David is respected for his foresight and strategic thinking, which led to recasting WMO’s vision and strategic plan for the coming decade. David is renowned for his role in driving the most significant restructuring of WMO, and the development and implementation of the Global Framework for Climate Services (GFCS), a global partnership of governments and organizations working together to improve capacity, knowledge and insight to inform climate-related actions.

As President, he also co-chaired the WMO Executive Council Panel on Polar and High Mountain Observations Research and Services (EC-PHORS). Under his direction, EC-PHORS implemented the Global Cryosphere Watch, created the Arctic Regional Climate Centre Network, got official Observer status for WMO on the Arctic Council, helped form the Sustaining Arctic Observing Networks initiative, championed the Polar Prediction Project, and helped develop the Antarctic Observing System.

David has shared his knowledge through many high-profile speaking engagements, including giving the keynote addresses at the first Arctic Science Ministerial Summit (which he also partnered with the White House to lead) and the 46th session of the Intergovernmental Panel on Climate Change.

David’s dedication to serve Canadians and the world was made possible because of the love and commitment from his family. Karen often remarks that they moved more than 26 times during these years and visited most of Canada and a good part of the world, especially in the last decade. Their children and their spouses were all so supportive. In David’s farewell address to the WMO Congress in 2019, in Geneva, Switzerland, his emotion touched everyone as he spoke to Karen, Chris, Allison and Kim, in the audience, thanking them for their love and endless support in sharing him with Canada and the world.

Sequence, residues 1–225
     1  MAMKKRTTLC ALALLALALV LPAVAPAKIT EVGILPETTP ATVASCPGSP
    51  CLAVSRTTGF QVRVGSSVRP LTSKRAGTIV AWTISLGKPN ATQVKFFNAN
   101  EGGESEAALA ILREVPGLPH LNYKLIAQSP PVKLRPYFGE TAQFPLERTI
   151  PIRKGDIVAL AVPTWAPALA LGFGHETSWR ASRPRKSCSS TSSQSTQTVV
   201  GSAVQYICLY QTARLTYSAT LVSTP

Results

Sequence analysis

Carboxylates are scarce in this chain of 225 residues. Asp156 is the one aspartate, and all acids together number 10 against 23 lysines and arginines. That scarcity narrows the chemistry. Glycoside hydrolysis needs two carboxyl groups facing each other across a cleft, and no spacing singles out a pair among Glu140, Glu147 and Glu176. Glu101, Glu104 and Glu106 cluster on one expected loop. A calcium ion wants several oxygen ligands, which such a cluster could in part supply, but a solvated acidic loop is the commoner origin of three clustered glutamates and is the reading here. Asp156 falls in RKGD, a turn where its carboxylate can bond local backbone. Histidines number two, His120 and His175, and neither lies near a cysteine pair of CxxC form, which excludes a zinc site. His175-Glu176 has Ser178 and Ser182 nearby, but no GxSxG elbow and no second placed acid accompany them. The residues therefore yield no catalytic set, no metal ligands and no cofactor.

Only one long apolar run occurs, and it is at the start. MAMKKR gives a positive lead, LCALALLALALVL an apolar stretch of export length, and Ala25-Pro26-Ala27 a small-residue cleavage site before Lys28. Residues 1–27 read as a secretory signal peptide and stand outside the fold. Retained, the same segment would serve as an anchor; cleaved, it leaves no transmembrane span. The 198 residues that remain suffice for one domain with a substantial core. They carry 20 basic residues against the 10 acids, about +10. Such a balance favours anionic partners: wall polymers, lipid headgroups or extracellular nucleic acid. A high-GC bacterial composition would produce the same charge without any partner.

David draws his passion and motivation from his family and the awareness that good meteorology has a direct, positive impact on people.

“Understanding, predicting and communicating about changes in weather, climate and water have such potential to improve quality of life,” he says. “The committed people of the MSC and WMO make this possible by turning science into action. Much was accomplished under my leadership because I listened to and gave voice to the people I was working with.”

In 2020, David was named a Member of the Order of Canada for outstanding leadership in meteorology. He was also awarded the WMO’s International Meteorological Organization (IMO) Prize for his significant contributions to meteorology. On June 9, 2021, David was announced as the recipient of the 2020 Patterson Distinguished Service Medal, a prestigious award recognizing service to meteorology in Canada.

Learn more about the Patterson medal

Here are a few random facts about David:

  • What was your first job? Not my first but one of the coolest jobs was a lighthouse keeper...but most meaningful job was being a bartender where I met Karen!
  • If you could travel anywhere in the world, where would it be? Switzerland - so many high points and wonderful memories.
  • What is your favourite game or sport to watch and play? Football, I’m a true CFL fan.
  • If you could go back in time, what year would you travel to? 1973, year I was married and the music was great too!
  • How many pairs of shoes do you own? 10 but only wear three now!
  • What's your favourite zoo animal? Lion.
  • Summer or winter? Summer, I love our backyard.
  • What's your favourite food? BBQ.